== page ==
Competence in CT

The guidelines we have presented are intended to increase the efficacy of CT with severely depressed patients. The manner in which therapists adhere to such guidelines is also likely to have a significant influence on treatment outcome. In a recent study comparing medication and CT with more severely depressed patients, experienced CT therapists demonstrated outcomes that were comparable to those achieved with antidepressant medication; however, medication significantly outperformed CT therapists who were less experienced (DeRubeis et al., 2005). These findings are consistent with an earlier multisite trial, in which sites whose therapists had greater expertise in CT demonstrated better outcomes (Elkin et al., 1989;Jacobson & Hollon, 1996). Together these results suggest that when working with more severely depressed patients, the level of practitioner competence is particularly critical. The most widely used measure for assessing competence in CT, the Cognitive Therapy Scale (Young & Beck, 1980), has documented reliability when used by expert raters (Dobson, Shaw, & Vallis, 1985; Vallis, Shaw, & Dobson, 1986). Generally, scores of 40 and above are considered to be within the range of competent CT.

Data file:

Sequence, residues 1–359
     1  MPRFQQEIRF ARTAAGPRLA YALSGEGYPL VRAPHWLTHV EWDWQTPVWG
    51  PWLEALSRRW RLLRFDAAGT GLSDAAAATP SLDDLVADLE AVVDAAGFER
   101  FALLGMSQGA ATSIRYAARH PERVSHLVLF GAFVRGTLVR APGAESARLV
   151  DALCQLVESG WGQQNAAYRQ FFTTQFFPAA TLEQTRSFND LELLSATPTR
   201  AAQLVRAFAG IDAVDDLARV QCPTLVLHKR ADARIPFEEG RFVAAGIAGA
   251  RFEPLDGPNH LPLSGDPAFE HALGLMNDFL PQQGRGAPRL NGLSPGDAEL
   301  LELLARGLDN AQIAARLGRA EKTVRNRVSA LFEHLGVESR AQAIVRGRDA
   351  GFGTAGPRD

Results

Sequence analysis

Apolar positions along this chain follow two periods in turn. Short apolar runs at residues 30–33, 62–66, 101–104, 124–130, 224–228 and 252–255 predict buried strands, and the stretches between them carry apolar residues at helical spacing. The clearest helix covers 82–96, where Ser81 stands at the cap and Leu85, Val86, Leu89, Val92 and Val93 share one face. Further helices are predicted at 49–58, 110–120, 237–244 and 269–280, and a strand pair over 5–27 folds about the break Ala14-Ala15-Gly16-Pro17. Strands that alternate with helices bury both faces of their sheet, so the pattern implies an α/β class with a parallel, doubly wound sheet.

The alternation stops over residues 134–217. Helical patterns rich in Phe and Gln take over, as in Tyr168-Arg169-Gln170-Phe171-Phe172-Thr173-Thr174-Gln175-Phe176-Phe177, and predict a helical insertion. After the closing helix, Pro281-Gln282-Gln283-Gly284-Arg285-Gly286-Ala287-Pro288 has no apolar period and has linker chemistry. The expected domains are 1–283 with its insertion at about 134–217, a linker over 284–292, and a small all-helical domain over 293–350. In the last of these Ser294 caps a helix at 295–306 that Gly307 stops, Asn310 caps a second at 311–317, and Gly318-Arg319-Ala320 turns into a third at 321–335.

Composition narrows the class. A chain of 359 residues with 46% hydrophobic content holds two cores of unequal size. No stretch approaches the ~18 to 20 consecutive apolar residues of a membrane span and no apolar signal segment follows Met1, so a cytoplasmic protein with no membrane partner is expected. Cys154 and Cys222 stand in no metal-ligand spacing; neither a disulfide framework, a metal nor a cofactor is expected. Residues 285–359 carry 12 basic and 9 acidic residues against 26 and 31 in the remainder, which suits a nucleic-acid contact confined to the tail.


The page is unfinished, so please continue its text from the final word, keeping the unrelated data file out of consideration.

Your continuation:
With respect to methods for increasing one's competence, therapists may want to consider the following possibilities. First, ongoing monitoring of competence is highly recommended and can be achieved through consultation with colleagues or expert trainers in CT. Information about CT training and consultation can be obtained by contacting the Academy of Cognitive Therapy. In a recent study, Sholomskas et al. (2005) compared the influence of multiple training methods on the effectiveness of trainees' demonstration of particular strategies in role plays. Results suggested a clear advantage for participation in a didactic seminar plus 3 hours of individual case supervision, compared to simply reading the manual, or reading the manual plus participation in Web-based training. Second, more experience in the specific provision of CT is helpful in maximizing therapist competence, particularly treatment early in one's training of patients who demonstrate high "suitability" for CT (James, Blackburn, Milne, & Reichfelt, 2001). As therapists gain CT experience treating a greater number of patients, their ability to apply CT strategies flexibly may increase; thus, they may achieve competence with a greater variety of patients.

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